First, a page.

Don’t expect a clear and well-defined vision overnight—envisioning your life and determining the course you will follow requires time, and reflection. You need to cultivate vision and perspective, and you also need to apply logic and planning for the practical application of your vision. Your best vision blossoms from your dreams, hopes, and aspirations. It will resonate with your values and ideals, and will generate energy and enthusiasm to help strengthen your commitment to explore the possibilities of your life.

                        What Do You Want?

                        The question sounds deceptively simple, but it’s often the most difficult to answer. Allowing yourself to explore your deepest desires can be very frightening. You may also not think you have the time to consider something as fanciful as what you want out of life, but it’s important to remind yourself that a life of fulfillment does not usually happen by chance, but by design.

                        It’s helpful to ask some thought-provoking questions to help you discover the possibilities of what you want out of life. Consider every aspect of your life, personal and professional, tangible and intangible. Contemplate all the important areas, family and friends, career and success, health and quality of life, spiritual connection and personal growth, and don’t forget about fun and enjoyment.

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                        Some tips to guide you:

                        • Remember to ask why you want certain things
                        • Think about what you want, not on what you don’t want.
                        • Give yourself permission to dream.
                        • Be creative. Consider ideas that you never thought possible.
                        • Focus on your wishes, not what others expect of you.

                        Some questions to start your exploration:

                        • What really matters to you in life? Not what should matter, what does matter.
                        • What would you like to have more of in your life?
                        • Set aside money for a moment; what do you want in your career?
                        • What are your secret passions and dreams?
                        • What would bring more joy and happiness into your life?
                        • What do you want your relationships to be like?
                        • What qualities would you like to develop?
                        • What are your values? What issues do you care about?
                        • What are your talents? What’s special about you?
                        • What would you most like to accomplish?
                        • What would legacy would you like to leave behind?

                        It may be helpful to write your thoughts down in a journal or creative vision board if you’re the creative type. Add your own questions, and ask others what they want out of life. Relax and make this exercise fun. You may want to set your answers aside for a while and come back to them later to see if any have changed or if you have anything to add.

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                        What Would Your Best Life Look Like?

                        Describe your ideal life in detail. Allow yourself to dream and imagine, and create a vivid picture. If you can’t visualize a picture, focus on how your best life would feel. If you find it difficult to envision your life 20 or 30 years from now, start with five years—even a few years into the future will give you a place to start. What you see may surprise you. Set aside preconceived notions. This is your chance to dream and fantasize.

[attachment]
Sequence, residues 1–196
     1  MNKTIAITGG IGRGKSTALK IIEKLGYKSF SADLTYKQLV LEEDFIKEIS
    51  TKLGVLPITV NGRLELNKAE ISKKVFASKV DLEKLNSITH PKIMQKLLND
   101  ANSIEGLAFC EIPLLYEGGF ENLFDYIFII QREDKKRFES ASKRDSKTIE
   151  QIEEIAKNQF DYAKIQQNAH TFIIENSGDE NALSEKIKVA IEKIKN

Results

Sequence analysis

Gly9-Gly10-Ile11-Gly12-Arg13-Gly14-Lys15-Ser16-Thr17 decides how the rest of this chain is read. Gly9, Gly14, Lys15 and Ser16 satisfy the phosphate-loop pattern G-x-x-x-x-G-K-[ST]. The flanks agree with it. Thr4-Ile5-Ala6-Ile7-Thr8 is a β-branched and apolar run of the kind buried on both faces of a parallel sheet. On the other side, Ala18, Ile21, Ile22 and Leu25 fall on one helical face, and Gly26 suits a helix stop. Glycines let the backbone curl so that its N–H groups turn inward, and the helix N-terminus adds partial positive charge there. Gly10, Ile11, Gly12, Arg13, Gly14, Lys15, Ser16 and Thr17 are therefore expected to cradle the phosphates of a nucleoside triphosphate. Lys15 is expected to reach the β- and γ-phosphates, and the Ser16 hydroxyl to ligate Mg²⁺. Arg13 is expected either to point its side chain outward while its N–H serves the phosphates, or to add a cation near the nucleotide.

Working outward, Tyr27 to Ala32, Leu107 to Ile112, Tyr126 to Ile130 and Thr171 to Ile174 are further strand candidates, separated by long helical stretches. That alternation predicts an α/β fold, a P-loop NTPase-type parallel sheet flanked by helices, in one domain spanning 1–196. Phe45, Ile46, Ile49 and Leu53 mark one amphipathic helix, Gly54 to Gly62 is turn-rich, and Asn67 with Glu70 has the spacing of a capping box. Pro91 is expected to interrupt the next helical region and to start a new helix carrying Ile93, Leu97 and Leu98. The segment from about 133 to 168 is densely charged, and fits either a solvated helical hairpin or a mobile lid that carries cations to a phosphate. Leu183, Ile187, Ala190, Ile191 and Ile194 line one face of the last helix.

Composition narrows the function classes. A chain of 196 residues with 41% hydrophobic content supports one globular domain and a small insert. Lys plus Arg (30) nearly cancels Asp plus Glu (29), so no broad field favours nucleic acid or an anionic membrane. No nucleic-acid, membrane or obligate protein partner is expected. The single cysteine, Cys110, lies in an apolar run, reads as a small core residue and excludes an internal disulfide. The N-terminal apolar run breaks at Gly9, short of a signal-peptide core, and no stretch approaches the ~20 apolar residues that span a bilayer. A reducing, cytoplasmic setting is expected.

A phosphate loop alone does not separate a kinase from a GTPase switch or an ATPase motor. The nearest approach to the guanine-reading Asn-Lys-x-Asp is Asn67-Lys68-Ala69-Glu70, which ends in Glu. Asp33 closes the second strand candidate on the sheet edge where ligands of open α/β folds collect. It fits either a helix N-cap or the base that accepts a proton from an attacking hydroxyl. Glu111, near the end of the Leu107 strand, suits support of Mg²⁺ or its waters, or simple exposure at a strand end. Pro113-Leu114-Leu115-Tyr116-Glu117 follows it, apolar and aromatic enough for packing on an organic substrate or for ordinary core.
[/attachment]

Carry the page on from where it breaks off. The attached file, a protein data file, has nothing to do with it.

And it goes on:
A few prompts to get you started:

                        • What will you have accomplished already?
                        • How will you feel about yourself?
                        • What kind of people are in your life? How do you feel about them?
                        • What does your ideal day look like?
                        • Where are you? Where do you live? Think specifics, what city, state, or country, type of community, house or an apartment, style and atmosphere.
                        • What would you be doing?
                        • Are you with another person, a group of people, or are you by yourself?
                        • How are you dressed?
                        • What’s your state of mind? Happy or sad? Contented or frustrated?
                        • What does your physical body look like? How do you feel about that?
                        • Does your best life make you smile and make your heart sing? If it doesn’t, dig deeper, dream bigger.

                        It’s important to focus on the result, or at least a way-point in your life. Don’t think about the process for getting there yet—that’s the next stepGive yourself permission to revisit this vision every day, even if only for a few minutes. Keep your vision alive and in the front of your mind.

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                        Plan Backwards

                        It may sound counter-intuitive to plan backwards rather than forwards, but when you’re planning your life from the end result, it’s often more useful to consider the last step and work your way back to the first. This is actually a valuable and practical strategy for making your vision a reality.

                        • What’s the last thing that would’ve had to happen to achieve your best life?
                        • What’s the most important choice you would’ve had to make?
                        • What would you have needed to learn along the way?
                        • What important actions would you have had to take?
                        • What beliefs would you have needed to change?
                        • What habits or behaviors would you have had to cultivate?
                        • What type of support would you have had to enlist?
                        • How long will it have taken you to realize your best life?
                        • What steps or milestones would you have needed to reach along the way?

                        Now it’s time to think about your first step, and the next step after that. Ponder the gap between where you are now and where you want to be in the future. It may seem impossible, but it’s quite achievable if you take it step-by-step.

                        It’s important to revisit this vision from time to time. Don’t be surprised if your answers to the questions, your technicolor vision, and the resulting plans change. That can actually be a very good thing; as you change in unforeseeable ways, the best life you envision will change as well. For now, it’s important to use the process, create your vision, and take the first step towards making that vision a reality.

                        Featured photo credit: Matt Noble via unsplash.com